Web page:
Oil prices jumped around 3% Monday on renewed speculation that OPEC would try to restrain oil output, which would help to ease oversupply worries that helped to push oil prices to their lowest point in the last three months just last week.
It was reported last week that OPEC countries such as Venezuela, Ecuador and Kuwait wanted to try again at jumpstarting cooperation between the 14-nation Organization of the Petroleum Exporting Countries and non-members such as Russia.
A similar attempt at such a move was made in April, but failed after Saudi Arabia backed out of talks in Doha, Qatar, citing Iran’s refusal to join in such a production freeze. Qatar’s energy minister and OPEC President Mohammad bin Saleh al-Sada said in a statement that the producer group was in “constant deliberations with all member states on ways and means to help restore stability and order to the oil market.”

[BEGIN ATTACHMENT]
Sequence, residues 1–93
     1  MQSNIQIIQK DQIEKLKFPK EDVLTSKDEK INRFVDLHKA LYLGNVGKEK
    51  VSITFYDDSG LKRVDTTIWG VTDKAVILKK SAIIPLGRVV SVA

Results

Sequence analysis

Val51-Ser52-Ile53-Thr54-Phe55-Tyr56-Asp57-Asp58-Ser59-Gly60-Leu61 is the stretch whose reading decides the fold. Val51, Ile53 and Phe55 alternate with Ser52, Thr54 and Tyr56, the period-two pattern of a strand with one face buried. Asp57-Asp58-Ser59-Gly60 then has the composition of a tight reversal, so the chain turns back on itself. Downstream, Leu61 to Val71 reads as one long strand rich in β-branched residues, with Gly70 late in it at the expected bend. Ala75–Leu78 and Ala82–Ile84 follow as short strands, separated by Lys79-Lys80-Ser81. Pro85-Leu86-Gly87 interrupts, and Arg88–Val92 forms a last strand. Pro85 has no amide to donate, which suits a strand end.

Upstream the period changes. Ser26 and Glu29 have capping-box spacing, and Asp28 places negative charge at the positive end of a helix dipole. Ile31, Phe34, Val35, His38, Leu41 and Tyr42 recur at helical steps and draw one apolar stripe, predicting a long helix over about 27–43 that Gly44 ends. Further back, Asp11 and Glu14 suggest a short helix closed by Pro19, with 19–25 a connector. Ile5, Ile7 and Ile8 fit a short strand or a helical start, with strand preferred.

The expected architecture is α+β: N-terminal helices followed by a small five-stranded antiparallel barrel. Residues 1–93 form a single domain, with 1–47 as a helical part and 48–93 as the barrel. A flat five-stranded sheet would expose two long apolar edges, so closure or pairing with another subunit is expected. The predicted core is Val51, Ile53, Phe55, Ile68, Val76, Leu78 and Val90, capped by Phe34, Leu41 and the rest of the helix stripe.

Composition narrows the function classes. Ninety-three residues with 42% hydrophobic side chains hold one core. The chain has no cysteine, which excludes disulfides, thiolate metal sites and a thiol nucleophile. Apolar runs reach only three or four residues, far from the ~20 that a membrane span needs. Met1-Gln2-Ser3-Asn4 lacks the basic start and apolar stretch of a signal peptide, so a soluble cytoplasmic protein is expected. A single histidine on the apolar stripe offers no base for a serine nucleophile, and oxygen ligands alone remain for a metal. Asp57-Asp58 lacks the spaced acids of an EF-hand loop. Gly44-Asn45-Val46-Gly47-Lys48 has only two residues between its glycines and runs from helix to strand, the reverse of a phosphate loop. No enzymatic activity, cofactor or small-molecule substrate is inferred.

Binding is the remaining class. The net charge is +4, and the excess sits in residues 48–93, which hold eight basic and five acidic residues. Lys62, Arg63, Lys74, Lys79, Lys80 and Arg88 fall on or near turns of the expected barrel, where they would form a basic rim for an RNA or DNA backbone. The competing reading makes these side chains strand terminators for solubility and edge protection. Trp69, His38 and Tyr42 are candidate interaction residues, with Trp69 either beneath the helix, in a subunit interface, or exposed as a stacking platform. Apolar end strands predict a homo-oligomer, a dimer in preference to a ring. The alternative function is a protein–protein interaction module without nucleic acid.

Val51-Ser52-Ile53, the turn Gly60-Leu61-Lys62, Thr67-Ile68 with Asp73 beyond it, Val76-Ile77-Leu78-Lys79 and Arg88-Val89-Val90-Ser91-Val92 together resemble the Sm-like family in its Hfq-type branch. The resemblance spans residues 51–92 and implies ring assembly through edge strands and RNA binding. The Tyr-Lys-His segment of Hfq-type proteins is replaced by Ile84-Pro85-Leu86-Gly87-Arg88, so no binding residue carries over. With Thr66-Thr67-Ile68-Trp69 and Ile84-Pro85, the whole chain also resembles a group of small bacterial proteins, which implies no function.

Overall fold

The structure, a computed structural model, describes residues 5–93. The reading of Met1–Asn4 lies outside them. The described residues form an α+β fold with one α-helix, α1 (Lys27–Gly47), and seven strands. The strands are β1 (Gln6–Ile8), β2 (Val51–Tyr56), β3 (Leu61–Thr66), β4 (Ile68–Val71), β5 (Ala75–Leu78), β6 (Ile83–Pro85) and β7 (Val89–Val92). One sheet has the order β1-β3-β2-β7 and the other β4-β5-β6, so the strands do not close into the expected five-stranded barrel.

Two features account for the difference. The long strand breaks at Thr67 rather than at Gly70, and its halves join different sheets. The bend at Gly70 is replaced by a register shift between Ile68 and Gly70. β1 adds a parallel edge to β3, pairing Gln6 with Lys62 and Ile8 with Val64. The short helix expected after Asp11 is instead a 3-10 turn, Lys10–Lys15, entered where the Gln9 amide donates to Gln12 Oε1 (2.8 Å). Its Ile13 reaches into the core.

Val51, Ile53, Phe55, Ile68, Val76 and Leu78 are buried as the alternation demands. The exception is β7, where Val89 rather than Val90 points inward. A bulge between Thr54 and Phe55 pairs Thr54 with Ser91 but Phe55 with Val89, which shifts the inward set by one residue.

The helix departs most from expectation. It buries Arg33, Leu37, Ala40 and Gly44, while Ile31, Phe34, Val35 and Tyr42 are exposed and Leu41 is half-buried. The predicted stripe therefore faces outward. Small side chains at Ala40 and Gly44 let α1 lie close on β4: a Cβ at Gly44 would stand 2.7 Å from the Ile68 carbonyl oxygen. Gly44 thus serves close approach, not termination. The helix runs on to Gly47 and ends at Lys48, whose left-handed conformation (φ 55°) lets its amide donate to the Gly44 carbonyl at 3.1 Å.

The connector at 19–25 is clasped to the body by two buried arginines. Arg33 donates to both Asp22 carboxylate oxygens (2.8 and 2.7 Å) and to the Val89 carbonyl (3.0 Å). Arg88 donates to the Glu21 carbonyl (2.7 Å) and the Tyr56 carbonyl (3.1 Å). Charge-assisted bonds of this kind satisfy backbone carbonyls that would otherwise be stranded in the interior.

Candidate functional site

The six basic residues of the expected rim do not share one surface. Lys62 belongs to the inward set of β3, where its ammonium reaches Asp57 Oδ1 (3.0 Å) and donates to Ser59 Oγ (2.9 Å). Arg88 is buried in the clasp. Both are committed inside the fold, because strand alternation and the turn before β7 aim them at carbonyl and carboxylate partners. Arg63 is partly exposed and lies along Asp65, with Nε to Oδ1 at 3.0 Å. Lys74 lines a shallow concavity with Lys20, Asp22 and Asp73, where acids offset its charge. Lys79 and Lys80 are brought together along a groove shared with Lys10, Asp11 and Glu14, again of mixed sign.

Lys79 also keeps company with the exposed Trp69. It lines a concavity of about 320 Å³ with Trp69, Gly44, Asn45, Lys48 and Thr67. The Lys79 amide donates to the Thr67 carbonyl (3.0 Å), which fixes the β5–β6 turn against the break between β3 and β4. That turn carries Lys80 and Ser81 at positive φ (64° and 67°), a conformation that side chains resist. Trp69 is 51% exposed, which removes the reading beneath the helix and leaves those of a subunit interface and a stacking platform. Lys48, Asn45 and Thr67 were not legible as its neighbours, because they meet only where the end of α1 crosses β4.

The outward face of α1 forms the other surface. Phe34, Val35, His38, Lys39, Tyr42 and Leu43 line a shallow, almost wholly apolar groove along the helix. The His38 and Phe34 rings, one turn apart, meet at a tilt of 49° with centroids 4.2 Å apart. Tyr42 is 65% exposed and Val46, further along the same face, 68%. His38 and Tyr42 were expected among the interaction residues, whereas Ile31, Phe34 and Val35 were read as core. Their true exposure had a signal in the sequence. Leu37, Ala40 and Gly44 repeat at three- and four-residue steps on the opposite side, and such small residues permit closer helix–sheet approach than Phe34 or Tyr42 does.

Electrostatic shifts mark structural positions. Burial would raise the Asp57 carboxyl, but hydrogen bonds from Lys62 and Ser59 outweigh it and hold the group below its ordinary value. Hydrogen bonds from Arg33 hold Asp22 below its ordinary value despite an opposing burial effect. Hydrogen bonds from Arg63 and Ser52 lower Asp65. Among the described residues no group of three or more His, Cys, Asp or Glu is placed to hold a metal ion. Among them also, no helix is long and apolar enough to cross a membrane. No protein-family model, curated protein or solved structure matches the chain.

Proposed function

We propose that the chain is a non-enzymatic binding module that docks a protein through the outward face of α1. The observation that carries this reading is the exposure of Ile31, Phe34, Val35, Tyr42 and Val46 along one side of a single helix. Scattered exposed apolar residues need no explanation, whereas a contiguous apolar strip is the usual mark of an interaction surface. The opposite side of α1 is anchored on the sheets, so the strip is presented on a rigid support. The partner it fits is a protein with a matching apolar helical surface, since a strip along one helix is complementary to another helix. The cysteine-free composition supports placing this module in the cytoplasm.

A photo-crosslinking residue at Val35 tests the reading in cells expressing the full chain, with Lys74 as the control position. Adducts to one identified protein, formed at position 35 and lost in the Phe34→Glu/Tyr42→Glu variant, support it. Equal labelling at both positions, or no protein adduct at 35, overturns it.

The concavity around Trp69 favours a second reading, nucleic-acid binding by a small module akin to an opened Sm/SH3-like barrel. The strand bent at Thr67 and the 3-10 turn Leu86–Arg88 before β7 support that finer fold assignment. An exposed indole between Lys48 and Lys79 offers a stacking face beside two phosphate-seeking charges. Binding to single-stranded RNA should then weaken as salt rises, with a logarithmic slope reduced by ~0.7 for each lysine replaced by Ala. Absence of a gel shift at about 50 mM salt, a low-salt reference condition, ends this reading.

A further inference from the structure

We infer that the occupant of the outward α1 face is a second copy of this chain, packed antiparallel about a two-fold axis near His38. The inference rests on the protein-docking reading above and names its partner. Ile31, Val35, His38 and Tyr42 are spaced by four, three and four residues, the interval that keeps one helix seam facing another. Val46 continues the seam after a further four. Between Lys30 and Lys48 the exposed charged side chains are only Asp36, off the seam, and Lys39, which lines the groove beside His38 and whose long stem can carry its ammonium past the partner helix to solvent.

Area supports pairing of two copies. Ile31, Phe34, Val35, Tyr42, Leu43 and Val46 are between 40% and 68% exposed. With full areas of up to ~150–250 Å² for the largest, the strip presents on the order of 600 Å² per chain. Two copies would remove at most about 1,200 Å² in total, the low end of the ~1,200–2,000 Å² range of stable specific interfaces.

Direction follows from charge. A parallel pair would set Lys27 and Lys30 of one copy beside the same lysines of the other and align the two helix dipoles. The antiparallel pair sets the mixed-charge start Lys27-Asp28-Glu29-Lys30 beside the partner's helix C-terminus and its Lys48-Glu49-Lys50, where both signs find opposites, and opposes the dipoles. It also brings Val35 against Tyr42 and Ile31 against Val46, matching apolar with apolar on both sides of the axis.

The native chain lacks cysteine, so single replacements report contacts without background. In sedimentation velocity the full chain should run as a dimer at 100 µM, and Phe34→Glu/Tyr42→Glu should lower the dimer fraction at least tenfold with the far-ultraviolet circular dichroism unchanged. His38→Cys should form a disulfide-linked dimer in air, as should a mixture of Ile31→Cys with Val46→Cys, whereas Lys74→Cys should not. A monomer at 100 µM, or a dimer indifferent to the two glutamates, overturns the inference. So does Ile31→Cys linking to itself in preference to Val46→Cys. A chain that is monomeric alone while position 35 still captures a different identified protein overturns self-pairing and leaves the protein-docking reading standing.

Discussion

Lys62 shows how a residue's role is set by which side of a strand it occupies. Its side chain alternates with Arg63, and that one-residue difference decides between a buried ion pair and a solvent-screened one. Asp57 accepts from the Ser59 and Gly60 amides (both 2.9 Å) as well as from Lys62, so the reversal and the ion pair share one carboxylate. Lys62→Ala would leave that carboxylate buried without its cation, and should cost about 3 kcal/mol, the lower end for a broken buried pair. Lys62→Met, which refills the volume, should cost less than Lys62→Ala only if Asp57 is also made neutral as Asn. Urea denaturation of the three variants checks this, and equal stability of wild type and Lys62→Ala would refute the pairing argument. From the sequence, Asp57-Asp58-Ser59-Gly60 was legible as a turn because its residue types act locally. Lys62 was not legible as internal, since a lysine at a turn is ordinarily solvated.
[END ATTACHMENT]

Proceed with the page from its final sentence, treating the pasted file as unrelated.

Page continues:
The energy minister of Russia, the world’s largest oil producer, said that crude prices were not at levels that warranted intervention, though he remained open to negotiations.
“It would appear that OPEC calls for restraint would be inevitable”, said Jim Ritterbusch of Ritterbusch & Associates, a Chicago-based oil markets consultancy. He cited concerns over rising U.S. oil rig counts and weakening energy demand as catalysts for such actions from OPEC.
Last week the U.S. oil rig count rose for the sixth week in a row, and in China, fuel exports rose 50% from a year earlier to a monthly record 4.57 million tones, adding to the already oversupplied global amount.
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